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Bent on Lent - Russia Starts With Porridge - 03/03/2009
 
Dire Health Statistics Prompt Archiepiscopal Austerity
1. "Death rates in Russia due to heart attacks, strokes, and cardiovascular diseases are extremely high. In great measure this is due to poor nutrition. We are trying to use the current crisis to change the nation's eating habits", says Alexander Baturin, Deputy Head of Moscow's Institute of Nutrition, which is part of the Academy of Medical Sciences. Last week the Institute, together with Russia's federal consumer protection agency, published a comprehensive meal planner advising Russians what to eat. (Other reforms are overdue too, e.g. in smoking, alcoholism, and lack of exercise - all themes familiar to followers of Britain's reactions, expressed by its Food Standards Agency, on the nations woes of overeating and ill health).

2. The planner recommends a healthy breakfast of oatmeal porridge and fried eggs, washed down with a budget chicory coffee. Lunch includes borscht, a famous beetroot soup popular in Russia and the Ukraine, with a salad. Dinner is fried fish, (chocolate, crisps, pizza, and fizzy drinks are all out - but the frying pan remains).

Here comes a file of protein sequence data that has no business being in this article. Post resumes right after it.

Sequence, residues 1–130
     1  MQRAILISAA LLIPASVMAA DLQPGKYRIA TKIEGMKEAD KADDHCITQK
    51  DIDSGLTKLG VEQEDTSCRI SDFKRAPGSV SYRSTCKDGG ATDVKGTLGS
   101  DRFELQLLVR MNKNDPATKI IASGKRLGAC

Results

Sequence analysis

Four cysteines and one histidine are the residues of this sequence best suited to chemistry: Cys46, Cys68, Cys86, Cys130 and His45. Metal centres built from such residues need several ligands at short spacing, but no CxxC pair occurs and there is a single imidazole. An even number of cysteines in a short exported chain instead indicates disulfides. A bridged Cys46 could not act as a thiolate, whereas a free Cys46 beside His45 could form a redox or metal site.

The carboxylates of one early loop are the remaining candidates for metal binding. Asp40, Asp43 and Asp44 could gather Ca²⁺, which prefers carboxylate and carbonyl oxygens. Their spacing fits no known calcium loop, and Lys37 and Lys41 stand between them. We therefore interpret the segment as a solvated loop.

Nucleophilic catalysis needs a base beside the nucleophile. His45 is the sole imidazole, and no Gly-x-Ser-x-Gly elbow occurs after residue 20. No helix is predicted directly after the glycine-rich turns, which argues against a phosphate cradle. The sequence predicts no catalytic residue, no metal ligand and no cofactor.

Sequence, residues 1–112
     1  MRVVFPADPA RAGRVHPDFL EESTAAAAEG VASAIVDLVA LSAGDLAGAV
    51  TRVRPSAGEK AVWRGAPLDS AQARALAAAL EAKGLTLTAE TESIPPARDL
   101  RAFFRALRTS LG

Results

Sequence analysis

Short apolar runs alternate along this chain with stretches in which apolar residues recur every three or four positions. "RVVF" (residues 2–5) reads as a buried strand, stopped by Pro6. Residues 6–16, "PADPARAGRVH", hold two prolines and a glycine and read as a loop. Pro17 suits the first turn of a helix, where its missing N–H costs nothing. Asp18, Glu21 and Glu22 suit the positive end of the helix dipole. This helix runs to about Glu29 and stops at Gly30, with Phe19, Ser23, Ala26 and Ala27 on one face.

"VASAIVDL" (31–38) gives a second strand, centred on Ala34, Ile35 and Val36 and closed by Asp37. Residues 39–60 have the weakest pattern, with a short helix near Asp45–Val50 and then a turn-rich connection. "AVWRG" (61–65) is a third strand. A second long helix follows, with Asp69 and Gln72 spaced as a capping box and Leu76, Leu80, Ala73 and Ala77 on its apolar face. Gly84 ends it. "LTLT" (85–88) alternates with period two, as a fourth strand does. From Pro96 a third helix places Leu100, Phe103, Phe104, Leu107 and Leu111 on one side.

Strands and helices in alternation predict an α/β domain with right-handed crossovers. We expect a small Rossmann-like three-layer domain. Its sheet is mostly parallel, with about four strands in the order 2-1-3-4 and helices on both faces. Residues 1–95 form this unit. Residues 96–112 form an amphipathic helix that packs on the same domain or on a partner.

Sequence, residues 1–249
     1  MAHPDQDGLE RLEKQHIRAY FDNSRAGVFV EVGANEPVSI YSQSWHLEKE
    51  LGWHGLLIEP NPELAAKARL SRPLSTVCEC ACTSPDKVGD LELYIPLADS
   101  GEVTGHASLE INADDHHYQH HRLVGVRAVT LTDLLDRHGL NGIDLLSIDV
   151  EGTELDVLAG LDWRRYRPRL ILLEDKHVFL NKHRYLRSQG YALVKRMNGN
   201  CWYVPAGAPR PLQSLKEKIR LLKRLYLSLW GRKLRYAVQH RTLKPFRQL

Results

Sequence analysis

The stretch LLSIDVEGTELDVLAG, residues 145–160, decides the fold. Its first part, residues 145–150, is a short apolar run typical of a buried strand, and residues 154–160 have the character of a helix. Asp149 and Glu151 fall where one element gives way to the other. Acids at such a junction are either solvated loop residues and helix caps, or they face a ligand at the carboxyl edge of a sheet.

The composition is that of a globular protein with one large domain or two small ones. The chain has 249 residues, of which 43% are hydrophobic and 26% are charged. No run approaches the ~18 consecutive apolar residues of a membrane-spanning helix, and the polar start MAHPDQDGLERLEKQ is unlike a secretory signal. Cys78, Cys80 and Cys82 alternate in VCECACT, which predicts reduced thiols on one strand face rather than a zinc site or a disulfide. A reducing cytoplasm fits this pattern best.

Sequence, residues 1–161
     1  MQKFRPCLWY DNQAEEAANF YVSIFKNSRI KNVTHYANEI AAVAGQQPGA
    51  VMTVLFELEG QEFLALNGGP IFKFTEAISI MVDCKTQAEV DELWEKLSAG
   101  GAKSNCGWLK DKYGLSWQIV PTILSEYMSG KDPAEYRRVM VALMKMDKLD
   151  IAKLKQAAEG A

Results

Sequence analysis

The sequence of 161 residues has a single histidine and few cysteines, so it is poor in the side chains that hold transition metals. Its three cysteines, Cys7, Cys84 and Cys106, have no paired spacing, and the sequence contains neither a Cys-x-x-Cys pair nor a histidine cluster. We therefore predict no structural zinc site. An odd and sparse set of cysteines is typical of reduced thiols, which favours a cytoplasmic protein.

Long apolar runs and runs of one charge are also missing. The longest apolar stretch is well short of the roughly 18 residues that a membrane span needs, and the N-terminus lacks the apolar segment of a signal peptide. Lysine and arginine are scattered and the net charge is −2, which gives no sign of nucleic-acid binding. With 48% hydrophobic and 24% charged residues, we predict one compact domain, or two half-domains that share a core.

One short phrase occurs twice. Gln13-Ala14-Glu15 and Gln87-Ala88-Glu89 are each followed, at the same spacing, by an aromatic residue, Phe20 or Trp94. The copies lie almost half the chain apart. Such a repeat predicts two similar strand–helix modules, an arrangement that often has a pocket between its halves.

3. So Russia is not the only country to find the beginning of Lent as an opportune time to proselytize and practise the need for dietary reform. The debate begins at the start of Lent in the Orthodox Church. Father Alexei, a priest in Polenovo, a village near Moscow, explains, "The first 2 apostles, Andrew and Peter, were both fishermen, The Church therefore has a positive attitude towards eating sea and river inhabitants", they were quoted in the "best selling" Komsomolskaya Pravda newspaper.

4. Russia's economy is "in big trouble, unemployment is rising and the rouble is sinking fast" (Guardian 03/03/09), so porridge may be the secret weapon to tackle the country's worsening economic crisis. After years in which Russians have indulged themselves in too many fatty sausages and mountains of pancakes, the country's health agency has produced a crisis diet to improve their recidivist eating habits. Officials have published a low-calorie meal schedule, aimed at those on marginal incomes as well as the rich, "grown tubby during the boom years" Alexander Baturin extols the virtues of fish: "Fresh fish is ideal, fish is marvellous, people should eat fish 2 or 3 times a week. Unfortunately, Russians prefer sausages to fish", he says.

5. Russian adults have put on an extra 2kg bodyweight over the last decade. Children have piled on almost 1kg. The consumer protection ministry has published the austerity diet on its website, together with helpful photos. The campaign comes at a time of soaring food prices in Russia. Previous attempts foiled during Soviet times to persuade a reluctant population to improve its diet. They culminated in the patriotic slogan "Eat fish on Thursdays". Alexander Baturin said that he was optimistic that people would heed his previously ignored advice.

6. We know the feeling. However, we derive a little comfort from the common cause with Lent as a time of desired reform and that VEGA is proved fit for purpose as a campaigning NGO when others have failed.  
 
 

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